With regard to the writing, the prose throughout is highly readable, and the editing is generally good, although on page 65, when discussing bankers' failure to appreciate the import of the overheating economy in the 1920s, they say, "Thus they did fully appreciate its dangers", where I think the word "not" has been lost.
Readers of Akerlof's more academic works will likely find this particular volume rather lightweight. That has to be to the good, however, given the need to popularise some of the notions espoused here. I won't pretend to be 100% in agreement with their entire thesis, but I'd certainly rather see politicians singing to this hymnsheet than to Friedman's.
2 of 2 people found the following review helpful
5.0 out of 5 stars Important Insights into the Behaviour of Finance,
That the global economy has become unstable is clear; this book is a revelation in understanding why that happened.
This insightful book is a must read in the effort to understand what is going on today in the global economy, and what measures could be effective in stabilizing it.
I heartily recommend it!
6 of 7 people found the following review helpful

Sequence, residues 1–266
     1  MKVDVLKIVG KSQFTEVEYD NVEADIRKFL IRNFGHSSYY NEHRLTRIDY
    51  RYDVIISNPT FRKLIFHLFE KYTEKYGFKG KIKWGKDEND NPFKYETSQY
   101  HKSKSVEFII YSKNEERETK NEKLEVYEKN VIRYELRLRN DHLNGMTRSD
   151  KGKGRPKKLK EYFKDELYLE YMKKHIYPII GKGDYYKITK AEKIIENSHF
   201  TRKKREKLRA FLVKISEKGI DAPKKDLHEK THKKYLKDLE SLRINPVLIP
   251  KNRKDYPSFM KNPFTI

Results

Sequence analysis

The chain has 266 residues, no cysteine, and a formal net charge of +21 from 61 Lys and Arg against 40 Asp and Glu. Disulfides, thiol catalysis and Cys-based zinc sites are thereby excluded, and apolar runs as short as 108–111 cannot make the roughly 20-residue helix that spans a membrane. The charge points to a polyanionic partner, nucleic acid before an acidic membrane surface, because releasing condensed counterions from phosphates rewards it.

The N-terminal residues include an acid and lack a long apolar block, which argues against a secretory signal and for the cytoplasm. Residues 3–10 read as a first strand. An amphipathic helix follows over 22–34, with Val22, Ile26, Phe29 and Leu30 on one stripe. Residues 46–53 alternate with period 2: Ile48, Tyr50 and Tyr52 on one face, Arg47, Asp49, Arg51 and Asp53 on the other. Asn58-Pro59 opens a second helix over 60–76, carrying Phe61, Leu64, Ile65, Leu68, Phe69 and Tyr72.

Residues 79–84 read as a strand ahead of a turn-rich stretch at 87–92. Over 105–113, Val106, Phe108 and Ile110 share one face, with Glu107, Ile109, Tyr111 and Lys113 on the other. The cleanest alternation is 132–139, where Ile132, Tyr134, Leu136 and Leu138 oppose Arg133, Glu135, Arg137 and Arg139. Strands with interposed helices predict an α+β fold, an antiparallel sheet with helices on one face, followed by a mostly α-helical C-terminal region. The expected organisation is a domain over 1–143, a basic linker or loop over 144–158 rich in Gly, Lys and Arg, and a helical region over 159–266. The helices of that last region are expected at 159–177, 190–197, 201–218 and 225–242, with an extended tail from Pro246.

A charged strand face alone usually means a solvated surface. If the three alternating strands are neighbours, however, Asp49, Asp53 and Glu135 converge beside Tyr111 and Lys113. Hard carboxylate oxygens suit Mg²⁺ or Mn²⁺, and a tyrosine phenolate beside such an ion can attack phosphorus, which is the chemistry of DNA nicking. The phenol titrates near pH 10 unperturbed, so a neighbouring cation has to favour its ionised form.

5.0 out of 5 stars More than simple economics,
The current crisis is nothing new, similar crises have happened before and are detailed in a highly readable way by the authors.
Capitalism is not dead but needs protection from the ever-present "animal spirits" : the authors give some thoughts on the way forward.
This book is an excellent continuation from Shiller's "Irrational Exuberance" and "The Subprime Solution" : highly recommended.
1 of 1 people found the following review helpful
5.0 out of 5 stars Interesting Read,
The role of psychology in markets should be obvious to any financial professional who has done even a modest amount of thinking and reading. The notion that markets are efficient, and the related idea that they can operate without very much regulation, are so transparently daft to someone who follows the markets day-to-day as to appear straw men. Why then have two distinguished economists written a book to knock them down?